Identification and characterization of cytotoxic amyloid-like regions in human Pbx-regulating protein-1

Nunzianna Doti, Alessandra Monti, Chiara Bruckmann, Luisa Calvanese, Giovanni Smaldone, Andrea Caporale, Lucia Falcigno, Gabriella D'Auria, Francesco Blasi, Menotti Ruvo, Luigi Vitagliano

Research output: Contribution to journalArticlepeer-review


The ability of many proteins to fold into well-defined structures has been traditionally considered a prerequisite for fulfilling their functions. Protein folding is also regarded as a valuable loophole to escape uncontrolled and harmful aggregations. Here we show that the PBX-regulating protein-1 (PREP1), an important homeodomain transcription factor involved in cell growth and differentiation during embryogenesis, is endowed with an uncommon thermostability. Indeed, circular dichroism analyses indicate that it retains most of its secondary structure at very high temperatures. These findings have important implications for PREP1 functions since it is a stabilizing factor of its partner PBX1. Predictive analyses suggest that the observed PREP1 thermostability could be related to the presence of aggregation-prone regions. Interestingly, synthetic peptides corresponding to these regions exhibit a remarkable propensity to form toxic β-rich amyloid-like aggregates in physiological conditions. On this basis, we suggest that PREP1 stability is an effective way to prevent or limit the formation of harmful aggregates. Notably, one of these PREP1 fragments (residues 117-132) is able to reversibly switch from α-helical to β-rich states depending on the environmental conditions. The chameleon conformational behavior of this peptide makes it an ideal system to study this intriguing and widespread structural transition.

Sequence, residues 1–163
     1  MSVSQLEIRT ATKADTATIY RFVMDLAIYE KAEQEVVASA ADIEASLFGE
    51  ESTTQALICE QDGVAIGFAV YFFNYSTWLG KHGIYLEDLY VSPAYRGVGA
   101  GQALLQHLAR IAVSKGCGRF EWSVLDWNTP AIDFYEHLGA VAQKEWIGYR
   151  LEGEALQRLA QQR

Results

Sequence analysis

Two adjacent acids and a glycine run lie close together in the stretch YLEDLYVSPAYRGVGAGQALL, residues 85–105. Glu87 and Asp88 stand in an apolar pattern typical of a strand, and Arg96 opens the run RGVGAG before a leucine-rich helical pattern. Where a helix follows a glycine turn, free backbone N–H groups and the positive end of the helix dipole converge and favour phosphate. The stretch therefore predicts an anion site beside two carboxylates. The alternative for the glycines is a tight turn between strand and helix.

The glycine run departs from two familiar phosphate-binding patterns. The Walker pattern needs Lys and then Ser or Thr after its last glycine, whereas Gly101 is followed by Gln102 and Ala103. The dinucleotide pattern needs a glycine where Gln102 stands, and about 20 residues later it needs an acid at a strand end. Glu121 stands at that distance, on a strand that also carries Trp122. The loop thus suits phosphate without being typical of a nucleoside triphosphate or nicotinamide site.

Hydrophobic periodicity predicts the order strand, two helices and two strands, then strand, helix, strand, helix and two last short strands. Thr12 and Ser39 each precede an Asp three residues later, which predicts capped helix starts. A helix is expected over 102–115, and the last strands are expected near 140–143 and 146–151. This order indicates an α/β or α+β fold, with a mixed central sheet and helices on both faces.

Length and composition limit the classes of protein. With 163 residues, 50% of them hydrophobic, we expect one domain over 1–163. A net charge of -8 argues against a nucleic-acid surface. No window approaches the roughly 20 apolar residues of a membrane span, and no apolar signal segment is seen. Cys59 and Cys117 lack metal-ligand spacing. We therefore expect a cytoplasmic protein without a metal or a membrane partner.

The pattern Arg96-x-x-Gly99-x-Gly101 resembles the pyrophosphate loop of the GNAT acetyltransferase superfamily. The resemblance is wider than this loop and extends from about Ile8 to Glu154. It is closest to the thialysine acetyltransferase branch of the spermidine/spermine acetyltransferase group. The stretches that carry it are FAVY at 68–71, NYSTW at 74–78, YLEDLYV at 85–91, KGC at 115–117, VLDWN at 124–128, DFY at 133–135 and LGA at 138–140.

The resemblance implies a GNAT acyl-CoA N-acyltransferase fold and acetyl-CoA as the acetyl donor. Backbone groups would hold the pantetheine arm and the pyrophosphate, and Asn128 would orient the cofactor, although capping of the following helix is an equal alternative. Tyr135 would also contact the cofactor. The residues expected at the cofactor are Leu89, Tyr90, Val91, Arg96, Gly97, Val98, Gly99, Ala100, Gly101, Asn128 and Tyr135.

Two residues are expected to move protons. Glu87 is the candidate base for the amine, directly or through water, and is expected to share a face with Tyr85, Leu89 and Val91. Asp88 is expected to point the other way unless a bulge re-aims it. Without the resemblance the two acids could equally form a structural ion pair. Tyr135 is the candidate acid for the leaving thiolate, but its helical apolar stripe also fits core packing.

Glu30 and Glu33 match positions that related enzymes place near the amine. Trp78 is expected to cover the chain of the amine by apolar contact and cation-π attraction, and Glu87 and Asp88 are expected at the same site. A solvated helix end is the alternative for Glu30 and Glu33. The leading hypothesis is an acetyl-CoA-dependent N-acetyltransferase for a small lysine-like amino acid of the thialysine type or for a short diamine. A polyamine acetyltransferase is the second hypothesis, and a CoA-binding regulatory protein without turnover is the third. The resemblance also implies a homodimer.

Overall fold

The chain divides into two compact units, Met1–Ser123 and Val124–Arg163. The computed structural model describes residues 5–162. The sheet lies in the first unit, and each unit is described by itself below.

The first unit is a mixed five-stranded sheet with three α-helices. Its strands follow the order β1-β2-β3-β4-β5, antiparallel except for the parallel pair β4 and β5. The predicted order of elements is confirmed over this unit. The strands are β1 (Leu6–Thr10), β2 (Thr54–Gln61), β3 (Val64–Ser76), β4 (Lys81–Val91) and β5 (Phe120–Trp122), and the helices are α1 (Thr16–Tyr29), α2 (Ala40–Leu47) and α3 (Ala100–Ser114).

Original languageEnglish
Pages (from-to)618-629
Number of pages12
JournalInternational Journal of Biological Macromolecules
Publication statusPublished - Nov 15 2020


  • NMR
  • PREP1
  • Protein aggregation-prone regions (APRs)
  • Thioflavin-T fluorescence assay
  • Tumor diagnosis

ASJC Scopus subject areas

  • Structural Biology
  • Biochemistry
  • Molecular Biology
  • Economics and Econometrics
  • Energy(all)


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